Fitz: If you’re an operations manager, the immediate ways that come to my mind in terms of how these methods can be implemented are interviewing team members to understand what’s working and what isn’t, bring in auditors or management consultants do deep dives on a process to find areas of inefficiency. I’m curious to hear your thoughts on how an operations lead who isn’t in the weeds of operations every day - is there one strategy more preferred to find ways to eliminate waste?
People will come up with different ways of improving a process, but then it’s a matter of syncing that up into a better enterprise level process. Empowering employees to really find the waste in their day is the best way.
Matt Kirk, Zeitworks Data Scientist
Matt: In my experience, which has been e-commerce and customer support like call center analytics, there is a level of managers managing by walking around. That is a valuable technique but doesn’t work super well with remote working these days. You can’t walk into each other’s offices anymore. I personally believe that the biggest impacts I’ve seen are from empowering employees to take a very continual improvement mindset. Really teach employees the 7 or 8 lean wastes and saying, “look at the times you are waiting for something, moving things around a lot, or overprocessing”. A lot of the time boots-on-the-ground people who are actually doing the work will be able to figure this stuff out by themselves. With e-commerce and warehousing, it’s almost better to ask them where to improve their process because they’re the ones dealing with the pain. You have to listen to them too though. People will come up with different ways of improving a process, but then it’s a matter of syncing that up into a better enterprise level process. Empowering employees to really find the waste in their day is the best way.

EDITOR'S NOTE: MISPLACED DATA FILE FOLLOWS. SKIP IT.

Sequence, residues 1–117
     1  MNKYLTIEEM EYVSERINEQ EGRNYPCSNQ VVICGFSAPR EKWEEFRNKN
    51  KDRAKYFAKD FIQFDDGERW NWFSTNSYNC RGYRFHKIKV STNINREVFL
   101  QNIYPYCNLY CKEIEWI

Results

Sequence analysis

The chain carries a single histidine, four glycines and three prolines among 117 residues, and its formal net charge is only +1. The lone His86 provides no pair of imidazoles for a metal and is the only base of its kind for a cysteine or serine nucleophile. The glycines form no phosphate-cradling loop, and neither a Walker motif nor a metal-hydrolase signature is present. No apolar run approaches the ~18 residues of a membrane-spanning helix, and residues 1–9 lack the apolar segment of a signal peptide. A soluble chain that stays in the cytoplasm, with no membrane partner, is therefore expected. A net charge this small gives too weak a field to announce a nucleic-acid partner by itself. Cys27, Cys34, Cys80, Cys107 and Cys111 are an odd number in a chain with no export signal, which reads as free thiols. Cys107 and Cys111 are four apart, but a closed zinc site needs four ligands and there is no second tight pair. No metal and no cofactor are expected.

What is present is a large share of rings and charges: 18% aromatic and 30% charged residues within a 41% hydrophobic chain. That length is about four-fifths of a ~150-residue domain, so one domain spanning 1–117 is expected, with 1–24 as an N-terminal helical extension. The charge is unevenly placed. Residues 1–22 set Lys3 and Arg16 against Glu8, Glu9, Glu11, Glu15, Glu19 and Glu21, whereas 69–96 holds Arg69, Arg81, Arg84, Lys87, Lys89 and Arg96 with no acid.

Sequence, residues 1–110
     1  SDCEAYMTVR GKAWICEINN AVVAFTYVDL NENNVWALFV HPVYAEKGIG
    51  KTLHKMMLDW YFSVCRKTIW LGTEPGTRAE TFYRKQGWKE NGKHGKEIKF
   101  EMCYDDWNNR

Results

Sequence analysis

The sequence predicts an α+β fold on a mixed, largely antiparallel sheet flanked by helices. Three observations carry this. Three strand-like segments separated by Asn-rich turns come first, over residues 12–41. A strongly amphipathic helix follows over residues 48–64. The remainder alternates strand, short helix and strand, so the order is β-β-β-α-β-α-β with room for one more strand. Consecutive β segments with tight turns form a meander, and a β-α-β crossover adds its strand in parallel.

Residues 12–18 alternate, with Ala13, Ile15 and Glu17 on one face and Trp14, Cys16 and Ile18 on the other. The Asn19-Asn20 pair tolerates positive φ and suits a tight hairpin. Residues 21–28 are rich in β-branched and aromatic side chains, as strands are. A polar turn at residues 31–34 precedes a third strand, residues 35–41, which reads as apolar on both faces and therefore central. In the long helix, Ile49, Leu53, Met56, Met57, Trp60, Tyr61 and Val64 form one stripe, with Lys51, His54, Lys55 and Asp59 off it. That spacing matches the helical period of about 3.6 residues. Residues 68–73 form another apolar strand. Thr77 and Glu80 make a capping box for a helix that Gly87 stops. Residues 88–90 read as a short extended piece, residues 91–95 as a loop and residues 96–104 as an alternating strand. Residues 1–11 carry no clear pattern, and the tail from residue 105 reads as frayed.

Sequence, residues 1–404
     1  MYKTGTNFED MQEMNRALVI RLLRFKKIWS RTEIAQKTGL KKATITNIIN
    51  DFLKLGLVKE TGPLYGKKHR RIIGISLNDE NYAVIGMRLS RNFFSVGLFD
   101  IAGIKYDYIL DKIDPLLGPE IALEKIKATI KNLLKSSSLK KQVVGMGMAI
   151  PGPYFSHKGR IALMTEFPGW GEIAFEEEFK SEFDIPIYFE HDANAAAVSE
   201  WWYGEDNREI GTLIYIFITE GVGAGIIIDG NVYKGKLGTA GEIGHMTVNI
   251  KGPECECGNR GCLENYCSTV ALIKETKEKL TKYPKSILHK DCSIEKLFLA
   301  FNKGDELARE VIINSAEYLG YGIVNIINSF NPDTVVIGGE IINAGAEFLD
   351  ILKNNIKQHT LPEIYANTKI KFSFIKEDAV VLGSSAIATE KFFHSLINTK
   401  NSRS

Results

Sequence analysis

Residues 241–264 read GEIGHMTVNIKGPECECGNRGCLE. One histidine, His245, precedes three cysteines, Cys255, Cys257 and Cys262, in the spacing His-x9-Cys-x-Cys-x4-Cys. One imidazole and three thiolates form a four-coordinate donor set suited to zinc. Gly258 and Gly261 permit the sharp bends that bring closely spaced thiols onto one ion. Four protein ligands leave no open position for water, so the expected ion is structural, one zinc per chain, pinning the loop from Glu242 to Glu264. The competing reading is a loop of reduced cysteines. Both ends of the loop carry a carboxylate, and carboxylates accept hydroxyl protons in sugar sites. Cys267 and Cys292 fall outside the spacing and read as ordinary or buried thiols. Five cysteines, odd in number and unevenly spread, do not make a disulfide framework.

Fitz: The last area I wanted to go to was comparing these methodologies and this idea of eliminating waste or continually improving a process and tying that back to Zeitworks. We are focused on automated process discovery and finding process bottlenecks with technology. How do you see these two side by side?
As human beings, we want to spend our days not copying and pasting things; we want to do something better. A lot of our product offering is identifying these wastes and then understanding the value stream from the beginning to the end of a process.
Matt Kirk, Zeitworks Data Scientist
Matt: This is top of mind relative to what we’re building at Zeitworks. Bottlenecks is one, application waste is another. A lot of the time what people find is that we spend a lot of time going back and forth between different applications. That adds up over time. A common use case would be that maybe someone is looking at Acrobat PDF and they’re typing somewhere else. That back and forth in a small case seems fine but it actually adds up to a major cost on the enterprise. A lot of what we’re doing is identifying these wastes, whether it’s back and forth context shifting, going into teams, slack or emails and bouncing around. Another idea is moving data around through copy and pasting. It is something we all do but in a lot of ways it’s a waste of time. That’s a ripe opportunity for automation. As human beings, we want to spend our days not copying and pasting things; we want to do something better. A lot of our product offering is identifying these wastes and then understanding the value stream from the beginning to the end of a process. Asking, “What is happening? What are the tasks involved? What are the applications being used? What’s on process and off process?” These are all things we are working diligently on.
Fitz: Well Matt, it’s been great talking about this with you. Thank you for sharing your knowledge on Lean and Six Sigma.
Matt: This has been fun. Thanks for inviting me to do this.